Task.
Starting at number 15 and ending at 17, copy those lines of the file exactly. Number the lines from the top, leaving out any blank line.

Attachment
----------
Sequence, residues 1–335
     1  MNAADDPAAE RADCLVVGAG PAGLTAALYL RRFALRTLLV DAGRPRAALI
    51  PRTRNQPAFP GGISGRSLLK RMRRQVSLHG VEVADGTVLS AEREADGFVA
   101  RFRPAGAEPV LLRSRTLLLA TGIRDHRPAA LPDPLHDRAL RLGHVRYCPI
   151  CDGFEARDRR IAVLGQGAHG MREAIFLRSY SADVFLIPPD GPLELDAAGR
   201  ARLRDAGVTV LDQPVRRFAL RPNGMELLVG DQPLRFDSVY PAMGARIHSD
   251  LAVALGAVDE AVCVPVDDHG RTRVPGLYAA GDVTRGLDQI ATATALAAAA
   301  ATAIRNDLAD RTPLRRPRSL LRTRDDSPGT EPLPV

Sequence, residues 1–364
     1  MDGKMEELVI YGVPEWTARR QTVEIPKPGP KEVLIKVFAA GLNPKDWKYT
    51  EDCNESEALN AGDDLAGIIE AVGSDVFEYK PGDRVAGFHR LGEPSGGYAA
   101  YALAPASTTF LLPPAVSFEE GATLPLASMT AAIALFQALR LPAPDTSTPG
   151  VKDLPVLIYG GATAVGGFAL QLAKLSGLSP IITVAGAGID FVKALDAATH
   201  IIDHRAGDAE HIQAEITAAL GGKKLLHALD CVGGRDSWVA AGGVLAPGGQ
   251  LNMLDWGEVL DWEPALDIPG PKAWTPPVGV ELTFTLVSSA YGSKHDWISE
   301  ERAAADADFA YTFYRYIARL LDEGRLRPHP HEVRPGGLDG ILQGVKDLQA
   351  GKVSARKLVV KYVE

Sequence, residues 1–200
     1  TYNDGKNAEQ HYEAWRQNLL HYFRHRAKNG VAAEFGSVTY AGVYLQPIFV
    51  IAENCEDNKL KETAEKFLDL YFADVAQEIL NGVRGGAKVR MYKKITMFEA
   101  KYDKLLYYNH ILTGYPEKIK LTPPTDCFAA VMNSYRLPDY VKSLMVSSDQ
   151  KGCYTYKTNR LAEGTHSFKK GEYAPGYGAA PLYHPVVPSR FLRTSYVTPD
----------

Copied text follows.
   251  LNMLDWGEVL DWEPALDIPG PKAWTPPVGV ELTFTLVSSA YGSKHDWISE
   301  ERAAADADFA YTFYRYIARL LDEGRLRPHP HEVRPGGLDG ILQGVKDLQA
   351  GKVSARKLVV KYVE